Blackwood and Van Slyke say another thing that prevents victims from reporting sexual assault is the fear of repercussions, especially when alcohol is involved.
“No one’s ever going to report sexual assault if they know they’re going to get in trouble,” agrees the source, who was asked about why and how much they had been drinking when they reported the incident.
Advocate Livers says that asking “why” questions is essentially questioning the reason a victim was doing something, like drinking, which perpetuates the notion that what the victim was doing is more important than the fact that they were assaulted.
Van Slyke passionately makes it clear that having alcohol involved does not make sexual assault a victim’s fault and says that, from a police perspective, alcohol use is a non-issue.
“We will ask if there was drugs and alcohol, but they’re not going to get charged with a crime at all. We would never charge a victim,” says Van Slyke. “If they are drunk or high we do not care about that: everything is confidential between law enforcement and the victim.”
In this particular incident, however, a school official happened to be in on the source’s meeting with law enforcement (the official says they were asked to sit in; the source says this is untrue). While the source says the understood the questions regarding alcohol were not malicious and were asked because both parties were underage, they say that admitting they had been drinking in the presence of school staff put them at risk of being kicked out of their activity.
School officials dispute this account, and say that while the administration has an obligation to report any underage alcohol use, the school has never penalized a victim of sexual assault because there was alcohol involved.
But a coach who was involved confirmed that the school was looking to pursue consequences for the student’s (and others’) underage drinking and that they were informed that they might lose “some participants.”
“I expressed shock that there would even be question as to how to interpret the rules in that case [because it was in the context of a sexual assault],” explained the coach.
The source confirms that in the end however, they were not ultimately removed from their activity. According to both the coach and the source, this incident changed and clarified the school’s position on alcohol use and sexual assault: a student who wishes to report an assault can be assured they will not be in trouble with the school if alcohol was involved.
After the incident, when the source wanted to rearrange classes to avoid the perpetrator, they were told they needed to file a formal report to begin the process. This resulted in the student missing a week and a half of school before finals; the source says they were not told why the process was so lengthy or given updates on how it was progressing.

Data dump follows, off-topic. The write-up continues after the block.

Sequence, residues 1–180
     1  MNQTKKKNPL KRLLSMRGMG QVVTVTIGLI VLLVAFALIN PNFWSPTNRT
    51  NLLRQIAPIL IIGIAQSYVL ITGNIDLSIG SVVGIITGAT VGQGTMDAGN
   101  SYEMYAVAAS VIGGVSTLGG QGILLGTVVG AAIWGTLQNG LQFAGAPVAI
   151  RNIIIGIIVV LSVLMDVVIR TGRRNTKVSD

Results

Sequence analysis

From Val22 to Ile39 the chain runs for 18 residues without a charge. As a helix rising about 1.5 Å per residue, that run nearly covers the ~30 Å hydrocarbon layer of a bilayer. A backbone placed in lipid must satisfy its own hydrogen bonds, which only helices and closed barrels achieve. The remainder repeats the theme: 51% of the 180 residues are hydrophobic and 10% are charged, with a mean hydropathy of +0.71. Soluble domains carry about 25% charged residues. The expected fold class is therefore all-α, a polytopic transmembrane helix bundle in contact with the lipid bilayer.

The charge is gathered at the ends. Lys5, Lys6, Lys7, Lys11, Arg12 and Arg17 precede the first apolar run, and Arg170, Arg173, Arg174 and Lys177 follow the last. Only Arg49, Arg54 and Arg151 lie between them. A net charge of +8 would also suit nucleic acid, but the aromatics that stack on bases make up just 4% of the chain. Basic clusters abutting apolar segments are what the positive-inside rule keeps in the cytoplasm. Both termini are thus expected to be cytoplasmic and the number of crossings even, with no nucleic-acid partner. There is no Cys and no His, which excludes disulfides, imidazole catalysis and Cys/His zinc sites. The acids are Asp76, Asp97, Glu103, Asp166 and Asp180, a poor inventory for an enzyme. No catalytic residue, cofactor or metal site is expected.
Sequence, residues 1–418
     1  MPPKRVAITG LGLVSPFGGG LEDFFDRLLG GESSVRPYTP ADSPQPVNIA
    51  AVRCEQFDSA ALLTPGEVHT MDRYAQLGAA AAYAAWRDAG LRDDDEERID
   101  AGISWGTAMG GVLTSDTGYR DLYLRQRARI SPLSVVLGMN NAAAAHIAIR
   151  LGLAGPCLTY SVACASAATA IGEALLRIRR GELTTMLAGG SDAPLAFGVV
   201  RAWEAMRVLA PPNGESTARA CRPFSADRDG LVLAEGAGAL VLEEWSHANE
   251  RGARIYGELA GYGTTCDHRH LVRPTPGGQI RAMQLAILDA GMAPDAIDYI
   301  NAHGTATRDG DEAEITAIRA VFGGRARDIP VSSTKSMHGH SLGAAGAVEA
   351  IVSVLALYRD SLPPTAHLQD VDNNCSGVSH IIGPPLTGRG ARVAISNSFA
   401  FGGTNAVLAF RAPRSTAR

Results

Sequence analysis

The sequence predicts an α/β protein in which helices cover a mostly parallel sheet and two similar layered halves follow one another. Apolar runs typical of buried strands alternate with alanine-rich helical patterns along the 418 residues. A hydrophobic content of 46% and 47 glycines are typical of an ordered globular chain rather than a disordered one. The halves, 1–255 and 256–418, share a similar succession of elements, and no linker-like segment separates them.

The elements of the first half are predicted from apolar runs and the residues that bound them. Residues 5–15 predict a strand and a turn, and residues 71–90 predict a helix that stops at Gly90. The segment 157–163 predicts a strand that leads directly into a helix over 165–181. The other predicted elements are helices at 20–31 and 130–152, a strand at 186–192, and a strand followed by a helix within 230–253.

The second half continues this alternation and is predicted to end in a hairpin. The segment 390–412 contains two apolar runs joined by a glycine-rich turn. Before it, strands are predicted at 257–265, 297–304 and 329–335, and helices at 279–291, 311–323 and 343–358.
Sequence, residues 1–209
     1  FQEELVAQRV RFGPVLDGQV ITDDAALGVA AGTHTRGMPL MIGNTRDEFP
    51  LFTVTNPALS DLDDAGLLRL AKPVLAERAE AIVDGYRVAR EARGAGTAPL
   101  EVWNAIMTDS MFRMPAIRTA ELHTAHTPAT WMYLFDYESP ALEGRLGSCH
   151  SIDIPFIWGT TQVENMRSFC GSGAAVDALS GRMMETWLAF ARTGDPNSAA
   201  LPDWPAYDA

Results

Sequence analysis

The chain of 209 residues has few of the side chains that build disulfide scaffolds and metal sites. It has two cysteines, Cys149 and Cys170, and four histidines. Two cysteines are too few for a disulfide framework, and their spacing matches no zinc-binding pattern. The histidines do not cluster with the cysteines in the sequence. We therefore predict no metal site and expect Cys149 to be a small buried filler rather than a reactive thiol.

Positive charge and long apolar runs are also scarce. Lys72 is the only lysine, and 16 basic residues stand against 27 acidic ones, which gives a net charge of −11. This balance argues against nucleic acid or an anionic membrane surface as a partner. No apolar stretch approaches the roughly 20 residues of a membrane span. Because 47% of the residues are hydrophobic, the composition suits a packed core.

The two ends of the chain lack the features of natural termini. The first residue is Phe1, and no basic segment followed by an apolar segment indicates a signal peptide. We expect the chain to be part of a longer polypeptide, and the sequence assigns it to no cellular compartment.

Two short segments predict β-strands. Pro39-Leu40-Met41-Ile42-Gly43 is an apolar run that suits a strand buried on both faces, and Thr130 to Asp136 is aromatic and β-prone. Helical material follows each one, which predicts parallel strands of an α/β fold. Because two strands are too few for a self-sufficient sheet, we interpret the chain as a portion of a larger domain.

Assistant Principal Katie Laslovich says that the reason delays sometimes happen in these cases is because the administration is obligated to follow due process for both parties. Laslovich adds that sometimes students don’t report right away, and that they cannot act on information they don’t have.
In addition to the challenges presented by the reporting process, the source says that lack of understanding about consent made things even worse. The source says their attacker claimed the incident “was an accident” and they didn’t know they were in the wrong.
After going through the process, the source believes their experience confirms that the idea of “rape culture” is alive and well and that many people, even well-meaning ones, don’t know how to deal with victims in a way that is supportive and makes them feel safe in reporting.
“The resource officers were awesome but everyone else just didn’t really know how to address the issue or talk to someone who has been through this issue… even just in the way they said things and the tone everyone said things in made it feel like a hostile environment,” the source said.
But while reporting is difficult, the source and others agree it is the only way for students who have experienced a sexual assault to start healing and empowering themselves while getting the help they need.
“Reporting gave me some power back in a situation where I didn’t have a lot of power,” said the source. “Even though it didn’t go the way I wanted it to, It still felt reassuring to talk about it and say: ‘It’s not OK.’”
Help center number (406)-586-3333 and the voice center are available as resources and the counseling office